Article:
Toxic Holiday: Arsenic, Cadmium, and Lead in Children’s Toys

Posted on Monday, December 22nd, 2008 at 10:52 am by dpacheco

Just in time (ish) for Christmas, we want to highlight a post from Peter Rothberg’s blog on The Nation’s web site. Peter brings to our attention the good work the folks at HealthyToys.org are doing.

They’ve tested more than 1,500 toys and children’s products for the presence of potentially hazardous chemicals and posted the results on their site. Their database is searchable by brand and type of toy, and they provide rankings from safest products to products of most serious concern. You can even send them a text message right from the toy store to get instant toy safety ratings.

For the second straight year, HealthyToys.org is highlighting test results for more than 1,500 toys and children’s products. Researchers at the Ecology Center, a Michigan-based nonprofit, tested more than 1,500 popular children’s toys for lead, cadmium, arsenic, PVC and other harmful chemicals in time for this year’s holiday shopping season. The results are sobering: One in three toys tested were found to contain “medium” or “high” levels of chemicals of concern.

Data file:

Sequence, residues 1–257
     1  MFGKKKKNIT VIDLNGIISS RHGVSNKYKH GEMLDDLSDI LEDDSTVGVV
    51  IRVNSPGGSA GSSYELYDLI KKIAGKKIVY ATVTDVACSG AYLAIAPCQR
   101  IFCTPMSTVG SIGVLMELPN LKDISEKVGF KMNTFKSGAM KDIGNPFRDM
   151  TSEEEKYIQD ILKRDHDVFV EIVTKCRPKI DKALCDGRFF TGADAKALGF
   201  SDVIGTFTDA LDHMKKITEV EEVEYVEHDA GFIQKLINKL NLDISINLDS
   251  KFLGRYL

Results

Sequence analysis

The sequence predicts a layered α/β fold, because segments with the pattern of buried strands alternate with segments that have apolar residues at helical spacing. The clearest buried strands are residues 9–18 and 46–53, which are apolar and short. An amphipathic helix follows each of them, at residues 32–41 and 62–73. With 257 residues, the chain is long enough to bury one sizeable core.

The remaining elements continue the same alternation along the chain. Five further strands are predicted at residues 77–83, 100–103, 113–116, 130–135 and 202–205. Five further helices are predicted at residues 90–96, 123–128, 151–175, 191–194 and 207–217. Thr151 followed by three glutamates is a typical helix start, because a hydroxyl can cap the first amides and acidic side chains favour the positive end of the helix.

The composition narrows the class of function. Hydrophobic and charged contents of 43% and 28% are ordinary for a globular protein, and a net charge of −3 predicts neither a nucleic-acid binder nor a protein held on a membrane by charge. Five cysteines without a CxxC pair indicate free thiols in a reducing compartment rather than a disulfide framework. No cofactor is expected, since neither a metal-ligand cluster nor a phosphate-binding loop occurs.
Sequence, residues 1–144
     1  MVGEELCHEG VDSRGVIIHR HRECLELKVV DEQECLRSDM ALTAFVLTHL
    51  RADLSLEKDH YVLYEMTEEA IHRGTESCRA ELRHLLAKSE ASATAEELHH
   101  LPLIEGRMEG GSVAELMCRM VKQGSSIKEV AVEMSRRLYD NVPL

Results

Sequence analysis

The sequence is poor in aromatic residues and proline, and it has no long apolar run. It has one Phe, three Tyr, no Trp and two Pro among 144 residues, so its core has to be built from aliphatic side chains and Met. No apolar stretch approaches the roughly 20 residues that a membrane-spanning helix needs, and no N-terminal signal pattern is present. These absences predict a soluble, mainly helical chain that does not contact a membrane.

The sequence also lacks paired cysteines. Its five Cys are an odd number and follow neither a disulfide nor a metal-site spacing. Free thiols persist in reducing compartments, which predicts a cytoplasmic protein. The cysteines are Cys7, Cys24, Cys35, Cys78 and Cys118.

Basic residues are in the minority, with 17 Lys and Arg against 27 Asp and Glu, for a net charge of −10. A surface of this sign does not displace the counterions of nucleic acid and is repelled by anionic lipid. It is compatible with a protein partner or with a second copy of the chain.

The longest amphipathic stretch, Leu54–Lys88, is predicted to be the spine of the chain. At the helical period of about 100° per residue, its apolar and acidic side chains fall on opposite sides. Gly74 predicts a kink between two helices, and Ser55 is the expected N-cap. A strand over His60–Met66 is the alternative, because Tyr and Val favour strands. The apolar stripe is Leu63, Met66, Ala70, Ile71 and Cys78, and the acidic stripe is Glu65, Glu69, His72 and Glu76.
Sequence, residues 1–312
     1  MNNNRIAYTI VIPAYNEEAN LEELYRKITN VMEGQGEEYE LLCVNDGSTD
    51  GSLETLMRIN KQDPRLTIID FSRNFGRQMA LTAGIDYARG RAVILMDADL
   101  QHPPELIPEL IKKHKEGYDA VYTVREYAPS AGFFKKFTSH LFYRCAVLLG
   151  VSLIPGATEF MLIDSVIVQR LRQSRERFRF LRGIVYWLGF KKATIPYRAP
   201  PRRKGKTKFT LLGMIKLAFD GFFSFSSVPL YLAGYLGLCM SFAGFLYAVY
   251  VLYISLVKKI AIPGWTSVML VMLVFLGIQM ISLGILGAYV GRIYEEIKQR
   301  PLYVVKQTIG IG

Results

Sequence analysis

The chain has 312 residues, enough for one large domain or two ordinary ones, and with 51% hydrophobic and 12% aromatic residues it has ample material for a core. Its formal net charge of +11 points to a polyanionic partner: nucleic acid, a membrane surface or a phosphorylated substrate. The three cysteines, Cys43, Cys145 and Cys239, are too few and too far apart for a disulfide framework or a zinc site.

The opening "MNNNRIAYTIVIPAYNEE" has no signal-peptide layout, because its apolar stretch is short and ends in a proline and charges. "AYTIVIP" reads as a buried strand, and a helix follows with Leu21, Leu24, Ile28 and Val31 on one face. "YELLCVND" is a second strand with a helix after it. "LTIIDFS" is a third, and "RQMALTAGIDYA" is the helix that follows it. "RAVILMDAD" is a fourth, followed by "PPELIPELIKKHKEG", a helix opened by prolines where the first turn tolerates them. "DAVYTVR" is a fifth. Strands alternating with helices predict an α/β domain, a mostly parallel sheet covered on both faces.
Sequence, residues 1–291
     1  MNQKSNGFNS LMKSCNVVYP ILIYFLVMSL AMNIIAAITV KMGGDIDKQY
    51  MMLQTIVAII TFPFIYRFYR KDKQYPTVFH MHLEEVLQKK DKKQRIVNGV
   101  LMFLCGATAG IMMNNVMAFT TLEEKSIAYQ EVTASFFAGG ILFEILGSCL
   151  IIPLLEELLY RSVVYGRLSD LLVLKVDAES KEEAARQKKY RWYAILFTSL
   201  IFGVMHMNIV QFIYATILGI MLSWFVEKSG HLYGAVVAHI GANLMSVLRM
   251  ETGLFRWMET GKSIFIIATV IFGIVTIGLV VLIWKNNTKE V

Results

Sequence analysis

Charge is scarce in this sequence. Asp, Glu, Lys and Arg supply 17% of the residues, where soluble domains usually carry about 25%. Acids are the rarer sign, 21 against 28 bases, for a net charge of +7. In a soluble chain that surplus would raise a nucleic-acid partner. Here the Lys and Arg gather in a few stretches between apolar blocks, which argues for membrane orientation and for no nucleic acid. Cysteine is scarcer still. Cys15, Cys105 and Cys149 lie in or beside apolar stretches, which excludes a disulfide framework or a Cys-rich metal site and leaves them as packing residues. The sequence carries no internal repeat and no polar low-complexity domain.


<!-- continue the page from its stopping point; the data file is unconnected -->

Lead was detected in 20 percent of the toys tested this year. In fact, lead levels in some of the products were well above the 600 parts-per-million (ppm) federal recall standard used for lead paint, and will exceed the US legal limit in February, according to the new Consumer Product Safety Commission (CPSC) regulations. Levels of lead in many toys were significantly above the American Academy of Pediatrics recommended ceiling of 40 ppm of lead in children’s products. (Children’s jewelry remains the most contaminated product category, maintaining its spot at the top of HealthyToys.org’s “worst” list.)

The site’s utility allows ease of use for busy parents and children’s advocates. Type in “Dora,” and several varieties of toys appear. Click on a specific toy, and up pop product ratings based on test results for lead, cadmium, chlorine, arsenic and mercury. The ratings range from low- to high-risk. A primer on the hazards of each substance and a breakdown of which components were tested lets consumers evaluate the risk.

Read the whole article here.

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